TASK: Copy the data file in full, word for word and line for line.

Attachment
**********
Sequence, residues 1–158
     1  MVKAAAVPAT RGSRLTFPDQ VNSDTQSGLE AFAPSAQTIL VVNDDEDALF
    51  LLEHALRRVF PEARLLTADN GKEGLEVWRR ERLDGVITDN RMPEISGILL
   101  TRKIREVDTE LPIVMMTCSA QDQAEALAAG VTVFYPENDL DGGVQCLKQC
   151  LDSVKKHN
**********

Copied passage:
Sequence, residues 1–158
     1  MVKAAAVPAT RGSRLTFPDQ VNSDTQSGLE AFAPSAQTIL VVNDDEDALF
    51  LLEHALRRVF PEARLLTADN GKEGLEVWRR ERLDGVITDN RMPEISGILL
   101  TRKIREVDTE LPIVMMTCSA QDQAEALAAG VTVFYPENDL DGGVQCLKQC
   151  LDSVKKHN